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here are so many untold stories. Mary Elizabeth Bowser was a former slave who worked as a maid in the household of the Confederate president, Jefferson Davis, was a spy for the Union. Onesimus, the former slave of the New England theologian Cotton Mather, came up with the idea in 1716 of deliberately infecting healthy people with the smallpox virus to combat the disease. Otabenga, born around 1883 in what was then the Belgian Congo, was lured to America, where in 1906 he found himself on display at the Bronx Zoo; in 1916 he quietly committed suicide.
These and hundreds of other stories are being assembled by two Harvard scholars for what they are calling the largest-ever collection of biographies of African-Americans. It is an ambitious effort to patch the spotty historical record about the men and women who, among other things, fled slavery, created art and shepherded civil rights campaigns in the shadow of giants like the Rev. Dr. Martin Luther King Jr.
The African American National Biography project is to be published in several volumes and there will also be an online database with about 11,000 names of the living and the dead. In another departure from conventional biographies, nominations for inclusion can be made by anyone offering a name to help enrich the narrative about race in America.
The project's first effort, "African American Lives" (Oxford University Press, 2004), is to be published this month. The online database and eight or so volumes of the biography will be available in another two or three years.
"This will revolutionize access to the black past," said Henry Louis Gates Jr., director of the W. E. B. DuBois Institute for African and African American Research at Harvard. He and Evelyn Brooks Higginbotham, a professor of history and African and African-American Studies at Harvard, are the project's editors.
"If you ask 'were there black explorers?,' you can go to that category and get information," Mr. Gates said. "Black cowboys? They are there, too."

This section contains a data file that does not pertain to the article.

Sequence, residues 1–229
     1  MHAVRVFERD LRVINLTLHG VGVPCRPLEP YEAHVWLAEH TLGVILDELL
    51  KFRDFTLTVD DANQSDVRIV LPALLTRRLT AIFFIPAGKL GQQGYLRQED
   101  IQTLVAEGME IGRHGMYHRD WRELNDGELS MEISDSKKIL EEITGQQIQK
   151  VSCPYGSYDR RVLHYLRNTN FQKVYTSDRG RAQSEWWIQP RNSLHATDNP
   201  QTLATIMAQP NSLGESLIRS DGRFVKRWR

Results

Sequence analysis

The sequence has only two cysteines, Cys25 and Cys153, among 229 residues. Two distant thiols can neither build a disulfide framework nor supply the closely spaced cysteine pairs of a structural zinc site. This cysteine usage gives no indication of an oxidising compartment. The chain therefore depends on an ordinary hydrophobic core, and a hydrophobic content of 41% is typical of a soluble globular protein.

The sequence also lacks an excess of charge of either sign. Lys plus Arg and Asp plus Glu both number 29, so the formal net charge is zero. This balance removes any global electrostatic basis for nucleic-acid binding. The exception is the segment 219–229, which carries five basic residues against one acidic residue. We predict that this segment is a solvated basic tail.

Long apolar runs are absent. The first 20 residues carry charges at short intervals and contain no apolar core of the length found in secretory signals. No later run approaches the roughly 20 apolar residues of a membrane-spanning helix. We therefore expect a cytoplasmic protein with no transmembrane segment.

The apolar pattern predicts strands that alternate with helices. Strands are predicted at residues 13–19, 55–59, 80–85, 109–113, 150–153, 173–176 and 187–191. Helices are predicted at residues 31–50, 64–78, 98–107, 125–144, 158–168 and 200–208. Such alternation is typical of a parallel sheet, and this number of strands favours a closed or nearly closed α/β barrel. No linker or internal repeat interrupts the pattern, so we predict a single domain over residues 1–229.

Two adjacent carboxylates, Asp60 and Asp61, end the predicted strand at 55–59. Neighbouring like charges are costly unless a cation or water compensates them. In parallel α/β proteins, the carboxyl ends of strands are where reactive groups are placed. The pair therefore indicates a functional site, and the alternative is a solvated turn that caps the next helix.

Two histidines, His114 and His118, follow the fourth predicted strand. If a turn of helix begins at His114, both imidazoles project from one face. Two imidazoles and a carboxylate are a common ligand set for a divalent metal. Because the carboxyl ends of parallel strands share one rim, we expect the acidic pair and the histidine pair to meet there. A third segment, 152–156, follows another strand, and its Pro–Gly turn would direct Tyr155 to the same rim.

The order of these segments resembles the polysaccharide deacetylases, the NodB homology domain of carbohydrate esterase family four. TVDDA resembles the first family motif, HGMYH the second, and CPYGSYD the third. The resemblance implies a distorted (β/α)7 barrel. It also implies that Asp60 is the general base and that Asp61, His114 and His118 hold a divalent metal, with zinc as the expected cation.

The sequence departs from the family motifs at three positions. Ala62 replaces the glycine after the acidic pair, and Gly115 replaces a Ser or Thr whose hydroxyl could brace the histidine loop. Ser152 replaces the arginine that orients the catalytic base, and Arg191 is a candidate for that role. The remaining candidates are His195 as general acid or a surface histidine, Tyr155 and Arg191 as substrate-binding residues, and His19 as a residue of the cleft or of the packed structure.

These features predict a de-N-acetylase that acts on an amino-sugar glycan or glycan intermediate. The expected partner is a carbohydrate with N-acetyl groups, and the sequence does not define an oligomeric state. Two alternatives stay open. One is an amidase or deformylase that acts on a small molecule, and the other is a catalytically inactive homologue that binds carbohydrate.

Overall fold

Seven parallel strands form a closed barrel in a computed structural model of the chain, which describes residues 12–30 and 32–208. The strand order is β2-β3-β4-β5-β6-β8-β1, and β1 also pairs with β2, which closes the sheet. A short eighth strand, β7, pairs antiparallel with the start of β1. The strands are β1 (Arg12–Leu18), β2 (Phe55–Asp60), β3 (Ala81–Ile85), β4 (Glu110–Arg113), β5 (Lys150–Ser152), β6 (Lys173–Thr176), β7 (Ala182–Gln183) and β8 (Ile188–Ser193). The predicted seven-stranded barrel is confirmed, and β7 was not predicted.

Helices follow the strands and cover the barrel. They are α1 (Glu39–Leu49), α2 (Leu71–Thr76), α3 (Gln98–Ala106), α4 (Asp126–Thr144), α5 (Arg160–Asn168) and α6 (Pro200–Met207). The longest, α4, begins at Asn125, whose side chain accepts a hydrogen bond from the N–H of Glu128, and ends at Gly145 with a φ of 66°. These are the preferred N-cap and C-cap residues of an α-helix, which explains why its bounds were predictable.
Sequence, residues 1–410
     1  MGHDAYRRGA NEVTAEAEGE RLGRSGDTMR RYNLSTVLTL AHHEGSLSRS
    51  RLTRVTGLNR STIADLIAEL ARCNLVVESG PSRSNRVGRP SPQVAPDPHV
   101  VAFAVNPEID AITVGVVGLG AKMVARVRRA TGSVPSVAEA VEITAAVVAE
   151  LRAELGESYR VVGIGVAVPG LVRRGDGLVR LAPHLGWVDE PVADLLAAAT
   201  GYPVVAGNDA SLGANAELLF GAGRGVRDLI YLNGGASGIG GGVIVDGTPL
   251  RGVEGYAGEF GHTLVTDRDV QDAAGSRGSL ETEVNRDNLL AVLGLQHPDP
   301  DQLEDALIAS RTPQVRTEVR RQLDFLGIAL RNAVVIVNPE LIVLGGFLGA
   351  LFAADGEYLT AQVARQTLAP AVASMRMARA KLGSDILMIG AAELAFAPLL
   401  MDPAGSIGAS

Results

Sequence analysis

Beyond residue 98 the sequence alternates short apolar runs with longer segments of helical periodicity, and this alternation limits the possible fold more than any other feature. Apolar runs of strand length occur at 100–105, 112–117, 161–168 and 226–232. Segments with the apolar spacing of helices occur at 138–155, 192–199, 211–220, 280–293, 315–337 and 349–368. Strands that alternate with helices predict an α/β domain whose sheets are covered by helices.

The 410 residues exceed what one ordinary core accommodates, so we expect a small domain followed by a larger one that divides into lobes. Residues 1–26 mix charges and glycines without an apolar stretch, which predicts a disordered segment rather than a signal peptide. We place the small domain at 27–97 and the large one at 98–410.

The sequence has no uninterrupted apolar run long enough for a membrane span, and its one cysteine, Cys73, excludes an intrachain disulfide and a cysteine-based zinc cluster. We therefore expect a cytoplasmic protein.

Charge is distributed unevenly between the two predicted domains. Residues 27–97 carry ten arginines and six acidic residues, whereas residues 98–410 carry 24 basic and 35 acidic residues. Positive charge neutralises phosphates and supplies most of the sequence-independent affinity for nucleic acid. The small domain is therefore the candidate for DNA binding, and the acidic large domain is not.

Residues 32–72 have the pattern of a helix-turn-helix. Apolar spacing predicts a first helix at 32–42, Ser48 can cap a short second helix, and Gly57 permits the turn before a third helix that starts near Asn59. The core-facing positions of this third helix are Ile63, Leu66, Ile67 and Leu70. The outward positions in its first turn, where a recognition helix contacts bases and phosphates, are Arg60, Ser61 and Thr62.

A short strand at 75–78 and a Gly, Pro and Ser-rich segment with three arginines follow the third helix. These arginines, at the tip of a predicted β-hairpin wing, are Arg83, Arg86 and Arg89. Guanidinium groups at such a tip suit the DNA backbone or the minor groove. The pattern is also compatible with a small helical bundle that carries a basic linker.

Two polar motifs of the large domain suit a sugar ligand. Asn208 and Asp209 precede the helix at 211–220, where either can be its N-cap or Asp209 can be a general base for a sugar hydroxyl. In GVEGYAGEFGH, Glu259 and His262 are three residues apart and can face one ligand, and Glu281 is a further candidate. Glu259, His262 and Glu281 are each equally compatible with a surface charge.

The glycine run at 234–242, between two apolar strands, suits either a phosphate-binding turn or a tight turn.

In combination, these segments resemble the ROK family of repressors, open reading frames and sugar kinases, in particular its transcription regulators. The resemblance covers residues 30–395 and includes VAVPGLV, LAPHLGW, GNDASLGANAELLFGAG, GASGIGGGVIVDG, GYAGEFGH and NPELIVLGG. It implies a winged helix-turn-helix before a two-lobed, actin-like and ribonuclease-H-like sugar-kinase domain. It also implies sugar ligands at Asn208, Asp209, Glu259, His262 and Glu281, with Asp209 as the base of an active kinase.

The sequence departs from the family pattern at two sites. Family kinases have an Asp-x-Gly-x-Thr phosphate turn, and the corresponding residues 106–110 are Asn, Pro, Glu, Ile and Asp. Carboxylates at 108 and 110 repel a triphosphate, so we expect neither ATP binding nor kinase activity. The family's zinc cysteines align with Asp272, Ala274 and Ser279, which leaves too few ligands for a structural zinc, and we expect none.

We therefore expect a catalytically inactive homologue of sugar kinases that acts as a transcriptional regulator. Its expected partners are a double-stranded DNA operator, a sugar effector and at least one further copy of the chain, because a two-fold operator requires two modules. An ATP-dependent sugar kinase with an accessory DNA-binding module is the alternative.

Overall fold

Some scholars, though, are uncomfortable with the idea of separate historical accounts, whether of women, Latinos or Jews.
"I've always felt that the separation of the African-American story from the American story was tragic," said Shelby Steele, a research fellow at the conservative Hoover Institution at Stanford who has written widely about race and culture. "You're subscribing to the original crime to solve the damage done by the crime."
Mr. Gates responds that the black database is an interim measure to correct a fragmented historical record. The number of blacks in standard biographical compilations like the "American National Biography" often represents no more than their percentage in the population, he adds, so it is inevitable that a black biography will use different criteria to judge who is worthy of inclusion.
But Mr. Steele is not satisfied with that answer. "My feeling is that what they're calling an interim move has the effect of further isolating people from mainstream history," he said.
Mr. Gates said that since publishing "Africana: The Encyclopedia of the African and African American Experience" in 1999, he had received dozens of letters from readers about blacks they thought deserved recognition. To keep those names coming, advertisements for the project will go in scholarly journals and general-interest magazines aimed at African-Americans, like Jet and Ebony, as well as on Oxford University Press's Web site, www.oup.com/us/africanamericanlives.